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Summary: A hymn from the earliest days of the Faith becomes the focus of a Christmas Eve meditation.

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“Great indeed, we confess, is the mystery of godliness:

He was manifested in the flesh,

vindicated by the Spirit,

seen by angels,

proclaimed among the nations,

believed on in the world,

taken up in glory.”

Everyone celebrates Christmas. This is not an exaggeration. A new study reveals that nine in ten Americans personally celebrate Christmas. That includes agnostics, those claiming to be adherents of religions other than Christianity, and even atheists. In fact, 89% of agnostics and those claiming no religious preference celebrate Christmas, 62% of those claiming other religions and 55% of atheists celebrate Christmas. It would seem accurate to say that what was discovered in the survey in the United States holds true in Canada as well. Everyone celebrates Christmas.

Brilliant light displays are evident on the homes even of neighbours that make no pretence of worshipping the Son of God. The exchange of gifts will take place in almost every home, though I doubt that many pause to think of why they would exchange gifts. Few families fail to come together at Christmas where they will share a scrumptious meal served on a table groaning under the weight of the food.

Then, there are the carols that are traditional at this season of the year. What is your favourite Christmas song? Perhaps not surprisingly, among the twenty-five most popular holiday songs, only one is remotely connected to the birth of the Son of God. A list compiled of the 25 most performed holiday songs is available online. Here’s the list:

The Christmas Song (Chestnuts Roasting on an Open Fire)

Have Yourself a Merry Little Christmas

Winter Wonderland

Santa Claus is Coming to Town

White Christmas

Let It Snow! Let It Snow! Let It Snow!

Jingle Bell Rock

Little Drummer Boy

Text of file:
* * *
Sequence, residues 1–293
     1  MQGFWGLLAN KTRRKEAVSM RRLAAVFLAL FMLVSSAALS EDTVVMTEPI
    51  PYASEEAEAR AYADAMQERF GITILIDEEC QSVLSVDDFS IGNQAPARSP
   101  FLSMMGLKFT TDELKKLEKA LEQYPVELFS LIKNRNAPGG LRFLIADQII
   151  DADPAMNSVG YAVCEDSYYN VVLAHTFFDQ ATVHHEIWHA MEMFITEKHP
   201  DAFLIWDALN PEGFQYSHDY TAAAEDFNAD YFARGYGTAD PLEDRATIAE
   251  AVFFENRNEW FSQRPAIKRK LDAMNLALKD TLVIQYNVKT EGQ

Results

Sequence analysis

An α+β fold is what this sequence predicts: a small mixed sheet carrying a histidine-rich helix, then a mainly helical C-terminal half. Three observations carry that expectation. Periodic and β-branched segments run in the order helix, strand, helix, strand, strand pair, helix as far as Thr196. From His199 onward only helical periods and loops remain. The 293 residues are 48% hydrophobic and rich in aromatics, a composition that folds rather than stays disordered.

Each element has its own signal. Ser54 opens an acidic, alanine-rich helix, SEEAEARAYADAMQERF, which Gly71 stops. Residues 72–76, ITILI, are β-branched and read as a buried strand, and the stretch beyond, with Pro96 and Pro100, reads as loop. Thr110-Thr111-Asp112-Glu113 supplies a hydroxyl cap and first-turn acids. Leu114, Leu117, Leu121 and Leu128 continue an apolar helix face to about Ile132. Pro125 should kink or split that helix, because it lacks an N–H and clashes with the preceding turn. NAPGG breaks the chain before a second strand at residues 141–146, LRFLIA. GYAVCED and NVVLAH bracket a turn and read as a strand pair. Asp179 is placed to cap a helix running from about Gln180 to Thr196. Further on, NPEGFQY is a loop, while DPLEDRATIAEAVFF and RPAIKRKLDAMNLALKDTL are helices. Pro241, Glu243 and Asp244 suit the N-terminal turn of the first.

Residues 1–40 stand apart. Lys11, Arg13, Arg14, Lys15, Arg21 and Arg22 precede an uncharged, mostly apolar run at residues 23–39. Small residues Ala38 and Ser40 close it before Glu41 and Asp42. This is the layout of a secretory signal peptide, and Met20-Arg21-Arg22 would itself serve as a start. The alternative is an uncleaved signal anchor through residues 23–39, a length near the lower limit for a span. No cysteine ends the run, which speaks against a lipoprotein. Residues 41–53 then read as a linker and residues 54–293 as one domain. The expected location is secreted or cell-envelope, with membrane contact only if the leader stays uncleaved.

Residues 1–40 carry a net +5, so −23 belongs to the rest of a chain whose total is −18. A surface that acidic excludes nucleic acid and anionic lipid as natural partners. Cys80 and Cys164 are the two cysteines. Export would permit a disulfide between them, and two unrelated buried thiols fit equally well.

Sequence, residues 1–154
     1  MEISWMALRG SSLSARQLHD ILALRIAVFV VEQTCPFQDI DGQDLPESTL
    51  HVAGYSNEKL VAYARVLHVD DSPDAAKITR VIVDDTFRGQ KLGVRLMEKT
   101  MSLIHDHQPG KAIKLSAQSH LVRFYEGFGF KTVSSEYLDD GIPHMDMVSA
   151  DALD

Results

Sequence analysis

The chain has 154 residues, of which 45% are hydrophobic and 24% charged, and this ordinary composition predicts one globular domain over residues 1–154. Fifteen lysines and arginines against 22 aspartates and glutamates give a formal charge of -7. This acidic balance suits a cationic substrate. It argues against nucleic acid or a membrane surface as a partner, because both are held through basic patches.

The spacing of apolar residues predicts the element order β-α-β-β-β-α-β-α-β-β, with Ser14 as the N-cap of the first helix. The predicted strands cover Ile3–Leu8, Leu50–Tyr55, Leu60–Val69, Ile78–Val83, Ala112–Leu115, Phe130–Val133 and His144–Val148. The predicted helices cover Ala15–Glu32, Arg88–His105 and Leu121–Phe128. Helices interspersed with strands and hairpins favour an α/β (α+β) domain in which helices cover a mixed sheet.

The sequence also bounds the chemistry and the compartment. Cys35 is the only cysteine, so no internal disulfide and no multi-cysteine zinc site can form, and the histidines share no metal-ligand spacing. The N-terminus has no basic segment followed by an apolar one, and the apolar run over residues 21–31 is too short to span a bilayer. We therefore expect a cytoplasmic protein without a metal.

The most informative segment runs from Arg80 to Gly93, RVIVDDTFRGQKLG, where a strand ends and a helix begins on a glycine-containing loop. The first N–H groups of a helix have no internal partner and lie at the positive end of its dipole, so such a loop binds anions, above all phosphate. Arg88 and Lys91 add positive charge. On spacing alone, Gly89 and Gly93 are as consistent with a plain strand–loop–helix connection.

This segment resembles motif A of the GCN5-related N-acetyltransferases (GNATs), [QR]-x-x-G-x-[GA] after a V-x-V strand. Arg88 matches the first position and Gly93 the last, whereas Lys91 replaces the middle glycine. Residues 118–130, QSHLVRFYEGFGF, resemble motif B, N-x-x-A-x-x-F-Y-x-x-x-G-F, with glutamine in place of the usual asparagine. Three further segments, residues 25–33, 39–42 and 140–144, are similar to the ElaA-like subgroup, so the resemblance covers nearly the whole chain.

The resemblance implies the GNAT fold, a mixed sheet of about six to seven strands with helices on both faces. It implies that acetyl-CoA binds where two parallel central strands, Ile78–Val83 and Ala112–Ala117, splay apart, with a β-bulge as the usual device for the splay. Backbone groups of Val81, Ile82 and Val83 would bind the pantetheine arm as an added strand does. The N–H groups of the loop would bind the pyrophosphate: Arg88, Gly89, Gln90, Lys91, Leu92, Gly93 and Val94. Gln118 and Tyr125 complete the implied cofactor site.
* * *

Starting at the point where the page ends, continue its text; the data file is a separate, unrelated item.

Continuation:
Sleigh Ride

Rudolph the Red-Nosed Reindeer

It’s The Most Wonderful Time of the Year

I’ll Be Home for Christmas

Silver Bells

Rockin’ Around the Christmas Tree

Feliz Navidad

Blue Christmas

Frosty the Snowman

A Holly Jolly Christmas

It’s Beginning to Look a Lot Like Christmas

I Saw Mommy Kissing Santa Claus

Here Comes Santa Claus

(There’s No Place Like) Home for the Holidays

Carol of the Bells

Santa Baby

Wonderful Christmastime

Each of these songs undoubtedly evoke memories for many of us, and undoubtedly each of us enjoy hearing them. Most of us present will enjoy hearing and singing some of the great hymns that mark our faith in the Son of God. “Joy to the World,” “Angels We Have Heard on High,” “It Came Upon the Midnight Clear,” and hundreds of other hymns and carols bespeak faith in Jesus our Saviour.

However, I suggest that the greatest Christmas carol ever written is unknown to most of us. It is a First Century oldie with lyrics that are so phenomenal that there is no way they should remain unknown. The tune is no longer known; but the lyrics—well, let’s just say they are inspired. I have no doubt that the song was once sung in such places as Thyatira, Sardis, Philippi, and it was assuredly known in Ephesus where it was sung during worship. The song definitely captures the essence of Christmas—the Incarnation—the time that God became man.


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